UCL News


Play gives honest insight into lives of children in temporary accommodation

26 September 2023

A team of researchers from the UCL-led CHAMPIONS project teamed up with De Montfort University and Response Ability Theatre to transform interviews from their study into a topical theatre performance.

The stage ready for the Milestones performance

CHAMPIONS launched in 2020 and is a national project, funded by the ESRC, that looks at the impact of COVID-19 and living through lockdown on children under five who are in temporary accommodation due to experiencing homelessness.

The Milestones play was performed on Monday (26th September) and gave the audience an honest insight into the lives of these families, by allowing parents to anonymously voice their experiences.

The project is led by Professor Monica Lakhanpaul (UCL Great Ormond Street Institute of Child Health) and Co-Investigator, Associate Professor Nadia Svirydzenka (De Montfort University). The characters in the performance were fictionalised but much of the text used in the performance was verbatim from interviews with families.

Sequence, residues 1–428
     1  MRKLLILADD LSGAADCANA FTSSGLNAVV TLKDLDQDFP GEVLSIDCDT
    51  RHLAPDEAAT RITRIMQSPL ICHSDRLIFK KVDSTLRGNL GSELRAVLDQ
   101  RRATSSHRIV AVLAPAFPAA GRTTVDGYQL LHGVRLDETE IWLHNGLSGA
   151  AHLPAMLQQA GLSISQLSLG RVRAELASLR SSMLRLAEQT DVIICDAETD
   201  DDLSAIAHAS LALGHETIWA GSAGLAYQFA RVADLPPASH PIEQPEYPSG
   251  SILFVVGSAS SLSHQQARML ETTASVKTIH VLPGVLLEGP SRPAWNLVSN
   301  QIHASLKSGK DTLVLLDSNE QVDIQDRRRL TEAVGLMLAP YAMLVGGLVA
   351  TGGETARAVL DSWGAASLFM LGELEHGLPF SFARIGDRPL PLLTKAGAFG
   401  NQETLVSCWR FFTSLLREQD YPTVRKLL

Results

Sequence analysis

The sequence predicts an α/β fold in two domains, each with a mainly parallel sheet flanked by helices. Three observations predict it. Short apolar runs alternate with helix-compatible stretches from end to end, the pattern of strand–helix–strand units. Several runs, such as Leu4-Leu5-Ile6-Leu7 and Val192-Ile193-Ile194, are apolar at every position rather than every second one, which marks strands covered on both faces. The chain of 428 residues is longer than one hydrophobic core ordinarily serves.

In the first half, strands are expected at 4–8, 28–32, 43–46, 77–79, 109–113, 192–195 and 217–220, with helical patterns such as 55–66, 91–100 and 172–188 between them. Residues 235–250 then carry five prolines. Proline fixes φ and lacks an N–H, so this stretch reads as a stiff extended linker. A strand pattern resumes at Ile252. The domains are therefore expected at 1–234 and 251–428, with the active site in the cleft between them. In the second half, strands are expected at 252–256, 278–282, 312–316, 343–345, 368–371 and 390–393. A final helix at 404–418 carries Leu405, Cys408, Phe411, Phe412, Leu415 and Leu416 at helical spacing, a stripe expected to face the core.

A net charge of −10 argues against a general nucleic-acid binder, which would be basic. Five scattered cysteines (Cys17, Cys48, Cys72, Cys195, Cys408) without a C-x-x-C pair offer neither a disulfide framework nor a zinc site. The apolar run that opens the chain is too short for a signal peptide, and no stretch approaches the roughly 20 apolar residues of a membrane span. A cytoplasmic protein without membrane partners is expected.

Professor Lakhanpaul said: “Under the cover of anonymity, these mums and dads speak without fear about the barriers being put in their way as they try to give their kids the best possible start in life.

“When no one’s around to delay their housing application, when no one who’s listening can take their kids away from them, how do they really think the little ones are coping? And what can we all do about it?”

As well as presenting the scope of the realities faced by these families, the play feeds into the policy recommendations the team have made in collaboration with The Childhood Trust and UCL Public Policy for improving public service support for children affected by homelessness in the health, social care and education sectors, and which have informed discussions in the All Party Parliamentary Group (APPG) for Households in Temporary Accommodation.

Professor Lakhanpaul introduces the Milestones play

The performance was written and performed by Nell Hardy, who established Response Ability Theatre in 2021 when presenting her solo show, NoMad, based on her own experiences of homelessness and mental health hospitalisation. She is also an object storyteller for the Museum of Homelessness and is part of this year’s cohort of associate leaders for Arts and Homelessness International.

The play was open to the public and, following the performance, guests were invited to a panel discussion and Q&A with the project leaders alongside BBC social affairs correspondent, Michael Buchanan; freelance TV director, Sam Pratt; Labour MP, Siobhain McDonagh; and Kadie, who has lived experience of living in temporary accommodation.

The performance was funded by UCL and De Montfort University.


Media contact 

Poppy Danby 

E: p.danby [at] ucl.ac.uk